A physician may only apply to the Conrad 30 program for one state a time. However, if you apply to one state and your application is rejected, you are then free to apply to a different state’s Conrad 30 program.
Health and Human Services Waivers
J-1 visa holders can also obtain a J-1 waiver at the request of an interested U.S. federal agency. For physicians, this interested agency is usually the Department of Health and Human Services (HHS). While the HHS offers more J-1 waivers than the Conrad-30, it is also more restrictive in several respects. First, only primary care specialists are eligible to file for a J-1 waiver through HHS. Furthermore, while the Conrad 30 may approve physicians working in any underserved practice, waivers through HHS require that physicians specifically work in a federally qualified health center (FQHC) or a rural health center (RHC).
If you plan to apply for a waiver through HHS, you must file your application within one year of completion of your residency. For physicians who plan to work immediately after finishing their residency, this requirement is typically not a problem. However, if you plan to complete a fellowship program after your residency, you may not graduate from your fellowship in time to begin your attending position and apply for a J-1 waiver.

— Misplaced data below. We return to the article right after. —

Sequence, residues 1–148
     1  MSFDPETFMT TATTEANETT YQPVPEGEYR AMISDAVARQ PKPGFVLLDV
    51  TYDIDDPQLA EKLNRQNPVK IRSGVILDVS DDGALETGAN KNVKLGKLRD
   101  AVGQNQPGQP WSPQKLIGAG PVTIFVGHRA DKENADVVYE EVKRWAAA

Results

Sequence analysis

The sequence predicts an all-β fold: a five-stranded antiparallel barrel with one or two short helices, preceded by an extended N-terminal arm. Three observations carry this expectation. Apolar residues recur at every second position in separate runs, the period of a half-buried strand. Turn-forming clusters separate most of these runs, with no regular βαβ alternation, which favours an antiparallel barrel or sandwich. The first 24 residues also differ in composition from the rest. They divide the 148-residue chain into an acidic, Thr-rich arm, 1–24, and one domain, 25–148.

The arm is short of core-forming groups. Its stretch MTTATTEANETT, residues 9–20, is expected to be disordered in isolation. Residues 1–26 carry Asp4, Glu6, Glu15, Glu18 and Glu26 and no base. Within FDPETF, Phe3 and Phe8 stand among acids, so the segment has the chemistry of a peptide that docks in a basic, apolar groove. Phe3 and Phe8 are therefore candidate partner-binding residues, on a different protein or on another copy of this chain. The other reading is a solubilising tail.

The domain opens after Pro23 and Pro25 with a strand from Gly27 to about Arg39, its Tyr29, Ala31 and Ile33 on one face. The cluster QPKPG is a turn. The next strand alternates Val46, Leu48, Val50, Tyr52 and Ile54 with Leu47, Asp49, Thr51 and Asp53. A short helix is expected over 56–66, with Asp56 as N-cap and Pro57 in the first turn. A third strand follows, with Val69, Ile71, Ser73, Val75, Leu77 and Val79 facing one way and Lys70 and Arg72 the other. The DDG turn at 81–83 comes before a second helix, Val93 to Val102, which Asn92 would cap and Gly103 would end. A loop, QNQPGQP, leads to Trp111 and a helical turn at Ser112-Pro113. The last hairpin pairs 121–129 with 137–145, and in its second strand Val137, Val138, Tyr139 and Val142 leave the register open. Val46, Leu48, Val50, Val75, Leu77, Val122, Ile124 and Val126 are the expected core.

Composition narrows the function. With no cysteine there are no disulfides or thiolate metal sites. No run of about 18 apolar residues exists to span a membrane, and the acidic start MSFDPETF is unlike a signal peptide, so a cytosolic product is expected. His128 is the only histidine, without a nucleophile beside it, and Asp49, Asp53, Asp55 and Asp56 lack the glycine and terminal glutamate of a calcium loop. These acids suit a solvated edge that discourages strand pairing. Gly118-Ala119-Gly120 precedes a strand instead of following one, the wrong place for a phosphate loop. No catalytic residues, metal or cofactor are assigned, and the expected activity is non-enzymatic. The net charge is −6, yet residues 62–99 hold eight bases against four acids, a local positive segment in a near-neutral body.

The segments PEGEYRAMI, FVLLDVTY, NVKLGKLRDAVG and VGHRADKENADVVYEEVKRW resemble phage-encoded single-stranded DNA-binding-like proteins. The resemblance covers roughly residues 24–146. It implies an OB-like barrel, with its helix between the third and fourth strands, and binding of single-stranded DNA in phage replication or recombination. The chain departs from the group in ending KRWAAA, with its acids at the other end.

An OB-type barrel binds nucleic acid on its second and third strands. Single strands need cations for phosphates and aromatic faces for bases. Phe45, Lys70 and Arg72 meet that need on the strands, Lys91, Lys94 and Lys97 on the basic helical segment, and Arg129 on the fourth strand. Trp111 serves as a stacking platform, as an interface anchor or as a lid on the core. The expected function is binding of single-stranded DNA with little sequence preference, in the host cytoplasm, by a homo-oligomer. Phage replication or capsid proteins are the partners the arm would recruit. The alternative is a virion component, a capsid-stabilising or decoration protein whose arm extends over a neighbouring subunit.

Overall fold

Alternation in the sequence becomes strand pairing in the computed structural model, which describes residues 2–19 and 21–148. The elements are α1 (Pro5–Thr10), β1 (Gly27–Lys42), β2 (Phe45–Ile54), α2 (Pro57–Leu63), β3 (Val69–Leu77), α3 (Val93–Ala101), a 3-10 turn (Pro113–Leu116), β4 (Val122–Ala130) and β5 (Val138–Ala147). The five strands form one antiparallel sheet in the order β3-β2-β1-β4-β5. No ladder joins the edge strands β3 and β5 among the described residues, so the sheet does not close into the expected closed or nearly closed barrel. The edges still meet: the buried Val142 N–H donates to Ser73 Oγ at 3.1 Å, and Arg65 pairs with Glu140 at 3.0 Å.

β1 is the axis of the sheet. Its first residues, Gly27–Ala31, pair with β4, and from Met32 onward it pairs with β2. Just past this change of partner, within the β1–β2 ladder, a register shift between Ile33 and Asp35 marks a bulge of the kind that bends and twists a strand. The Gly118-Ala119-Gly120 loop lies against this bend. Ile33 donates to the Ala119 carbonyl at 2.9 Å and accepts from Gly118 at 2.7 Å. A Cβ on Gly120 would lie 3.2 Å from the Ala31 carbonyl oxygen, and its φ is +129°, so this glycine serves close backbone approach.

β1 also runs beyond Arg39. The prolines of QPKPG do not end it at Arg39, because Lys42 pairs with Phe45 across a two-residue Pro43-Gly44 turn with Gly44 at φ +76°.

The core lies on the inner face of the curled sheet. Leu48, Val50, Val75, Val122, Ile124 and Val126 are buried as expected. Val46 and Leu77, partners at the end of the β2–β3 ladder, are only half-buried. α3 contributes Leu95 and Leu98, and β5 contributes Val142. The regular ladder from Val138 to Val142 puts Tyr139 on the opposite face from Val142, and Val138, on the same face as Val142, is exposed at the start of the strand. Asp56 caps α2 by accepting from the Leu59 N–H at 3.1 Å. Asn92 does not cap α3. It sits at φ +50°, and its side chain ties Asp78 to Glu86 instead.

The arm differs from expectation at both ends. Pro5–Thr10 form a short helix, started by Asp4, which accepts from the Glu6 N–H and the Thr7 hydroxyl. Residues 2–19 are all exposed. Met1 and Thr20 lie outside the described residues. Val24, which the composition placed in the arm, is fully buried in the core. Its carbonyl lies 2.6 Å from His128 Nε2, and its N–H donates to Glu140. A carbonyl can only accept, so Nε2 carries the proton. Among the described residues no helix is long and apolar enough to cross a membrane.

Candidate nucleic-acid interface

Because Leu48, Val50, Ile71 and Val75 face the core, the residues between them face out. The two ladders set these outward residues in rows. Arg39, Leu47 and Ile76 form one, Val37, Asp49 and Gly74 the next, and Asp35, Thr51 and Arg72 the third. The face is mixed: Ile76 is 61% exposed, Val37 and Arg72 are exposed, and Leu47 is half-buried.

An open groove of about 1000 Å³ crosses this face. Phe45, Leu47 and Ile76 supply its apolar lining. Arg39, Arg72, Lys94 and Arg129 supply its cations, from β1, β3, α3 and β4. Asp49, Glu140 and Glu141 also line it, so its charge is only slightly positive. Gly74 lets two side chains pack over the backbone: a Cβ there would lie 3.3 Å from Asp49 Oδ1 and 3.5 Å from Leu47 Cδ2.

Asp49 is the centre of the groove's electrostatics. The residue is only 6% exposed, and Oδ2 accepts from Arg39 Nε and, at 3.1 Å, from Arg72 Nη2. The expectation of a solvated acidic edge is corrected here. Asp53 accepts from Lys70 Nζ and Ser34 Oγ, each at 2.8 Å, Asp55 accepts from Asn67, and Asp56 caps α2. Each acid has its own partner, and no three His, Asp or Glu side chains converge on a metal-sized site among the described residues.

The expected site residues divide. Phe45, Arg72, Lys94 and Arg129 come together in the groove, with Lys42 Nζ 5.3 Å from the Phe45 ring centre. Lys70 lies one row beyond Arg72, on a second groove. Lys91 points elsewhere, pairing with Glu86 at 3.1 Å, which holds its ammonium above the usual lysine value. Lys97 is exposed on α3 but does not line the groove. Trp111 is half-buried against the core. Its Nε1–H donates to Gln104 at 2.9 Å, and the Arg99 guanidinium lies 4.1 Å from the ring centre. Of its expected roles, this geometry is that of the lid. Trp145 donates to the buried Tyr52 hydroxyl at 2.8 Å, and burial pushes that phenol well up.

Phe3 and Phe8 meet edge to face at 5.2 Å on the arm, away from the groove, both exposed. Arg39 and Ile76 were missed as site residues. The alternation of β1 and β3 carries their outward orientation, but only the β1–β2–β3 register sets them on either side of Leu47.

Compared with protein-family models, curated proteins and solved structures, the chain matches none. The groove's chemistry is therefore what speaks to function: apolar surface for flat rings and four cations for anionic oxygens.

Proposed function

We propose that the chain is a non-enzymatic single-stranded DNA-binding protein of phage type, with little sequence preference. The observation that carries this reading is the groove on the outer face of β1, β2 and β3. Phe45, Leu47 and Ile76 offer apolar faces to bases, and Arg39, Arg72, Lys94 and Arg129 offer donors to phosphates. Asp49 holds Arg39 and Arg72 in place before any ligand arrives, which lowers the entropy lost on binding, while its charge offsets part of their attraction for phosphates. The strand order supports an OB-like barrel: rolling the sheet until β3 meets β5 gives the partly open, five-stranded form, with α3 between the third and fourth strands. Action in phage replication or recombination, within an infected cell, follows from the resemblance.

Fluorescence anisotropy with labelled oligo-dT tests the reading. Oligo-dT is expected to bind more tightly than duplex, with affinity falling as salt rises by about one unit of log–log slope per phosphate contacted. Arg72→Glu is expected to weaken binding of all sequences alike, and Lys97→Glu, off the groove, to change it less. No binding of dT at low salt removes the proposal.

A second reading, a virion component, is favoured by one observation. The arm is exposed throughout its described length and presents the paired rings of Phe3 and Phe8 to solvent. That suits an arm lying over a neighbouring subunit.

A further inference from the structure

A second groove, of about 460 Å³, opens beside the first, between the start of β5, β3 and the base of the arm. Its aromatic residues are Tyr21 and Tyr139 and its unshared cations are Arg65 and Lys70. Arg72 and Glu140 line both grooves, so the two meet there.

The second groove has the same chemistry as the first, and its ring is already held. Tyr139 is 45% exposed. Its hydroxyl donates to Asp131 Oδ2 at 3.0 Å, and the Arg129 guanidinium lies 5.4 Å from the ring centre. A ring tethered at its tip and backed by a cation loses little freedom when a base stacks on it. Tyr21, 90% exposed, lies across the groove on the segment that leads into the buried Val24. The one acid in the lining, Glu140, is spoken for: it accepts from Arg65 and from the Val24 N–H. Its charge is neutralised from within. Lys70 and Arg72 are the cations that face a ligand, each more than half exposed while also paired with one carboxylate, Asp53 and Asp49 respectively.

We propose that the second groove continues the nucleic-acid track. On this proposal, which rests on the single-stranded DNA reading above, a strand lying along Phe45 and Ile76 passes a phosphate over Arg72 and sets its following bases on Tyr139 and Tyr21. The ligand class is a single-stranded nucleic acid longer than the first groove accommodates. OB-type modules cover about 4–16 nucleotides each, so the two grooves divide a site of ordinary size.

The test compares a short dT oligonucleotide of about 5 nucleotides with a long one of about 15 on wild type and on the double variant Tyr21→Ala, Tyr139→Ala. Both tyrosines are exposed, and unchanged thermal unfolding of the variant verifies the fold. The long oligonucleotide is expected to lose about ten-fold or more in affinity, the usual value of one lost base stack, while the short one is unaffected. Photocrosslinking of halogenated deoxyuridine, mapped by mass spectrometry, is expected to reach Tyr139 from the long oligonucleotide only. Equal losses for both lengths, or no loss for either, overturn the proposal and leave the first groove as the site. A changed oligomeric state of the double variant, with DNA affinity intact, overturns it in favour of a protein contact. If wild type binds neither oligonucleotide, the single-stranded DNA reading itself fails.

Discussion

Persecution & Hardship Waivers
The remaining pathways to acquire a J-1 waiver are far more difficult and less common. To obtain a persecution or hardship-based waiver, a physician must demonstrate that returning to their country for two years would cause serious risk or hardship to either to themself or to a U.S citizen/resident family member,
First, a physician may apply for a J-1 waiver on the grounds that they will face persecution upon return to their home country based on their race, religion, or political opinion. Alternatively, a physician can apply on the grounds of Exceptional Hardship. In this category, a physician must demonstrate that leaving the United States would cause extreme hardship to a spouse or child who is a U.S. citizen or lawful permanent resident. Note that mere separation from family does not meet the threshold for exceptional hardship.